February brought increasing concern about a foreign virus that was rapidly spreading, and by March it was starting to affect all of our daily lives. Shelter in place orders were declared all over the world—the most antithetical order to traveling possible. Remote Year was at a loss and out of options. On March 18th, after an all-team call, I was let go along with half of the 120-person company. A week later, the rest of the workforce was made to look at the writing on the empty airport’s wall.
Remote Year—my job, my home, and my identity—ceased to exist as I knew it.
Compared to the pace of time we’re currently living in during the quarantine, it all happened in what felt like the time it takes to flush a toilet. Less than three months from a raise to ashes. At the time I was fired, if I was asked to make a Venn diagram of “Travis the human” and “Remote Year Travis,” the middle correlated section would account for around 95% of the real estate. I dreamt in Slack, and my global social circle was branded in Remote Year apparel. I was the Director of Community Development for the community and company, so I was essentially the guy handing out the swag, pushing the culture, instigating the bonding, starting the virtual “hoo-rah” positivity threads, and planning the adult Summer Camp style reunions. (True story, we planned an amazing summer camp in upstate New York and called it RYunion. Get it?)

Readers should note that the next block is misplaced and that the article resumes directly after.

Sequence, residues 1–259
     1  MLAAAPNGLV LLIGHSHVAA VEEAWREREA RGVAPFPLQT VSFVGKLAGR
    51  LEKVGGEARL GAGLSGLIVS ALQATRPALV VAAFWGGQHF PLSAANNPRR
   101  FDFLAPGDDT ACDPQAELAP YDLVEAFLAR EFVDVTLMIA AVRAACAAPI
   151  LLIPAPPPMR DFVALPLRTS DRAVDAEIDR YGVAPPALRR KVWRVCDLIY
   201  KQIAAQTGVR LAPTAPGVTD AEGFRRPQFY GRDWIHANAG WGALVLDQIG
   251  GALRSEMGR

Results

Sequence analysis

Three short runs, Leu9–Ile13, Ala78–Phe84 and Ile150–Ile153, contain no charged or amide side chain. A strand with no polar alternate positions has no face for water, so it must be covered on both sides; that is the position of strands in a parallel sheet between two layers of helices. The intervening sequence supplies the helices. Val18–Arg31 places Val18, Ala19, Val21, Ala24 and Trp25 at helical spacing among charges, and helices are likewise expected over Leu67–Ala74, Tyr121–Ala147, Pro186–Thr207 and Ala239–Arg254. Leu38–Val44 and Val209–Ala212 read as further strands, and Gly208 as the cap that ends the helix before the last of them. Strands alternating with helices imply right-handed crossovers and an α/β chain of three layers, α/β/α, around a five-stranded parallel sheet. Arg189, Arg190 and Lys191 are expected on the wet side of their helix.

When the pandemic dust settled around my quarantine life, I was left with one feeling trumping all the others, one feeling that stood up in front of the others like a brave flower pushing through cracks in the concrete. The feeling was gratitude—a deep well of the feel-good brew bubbled in me during those first weeks of my quarantined unemployment.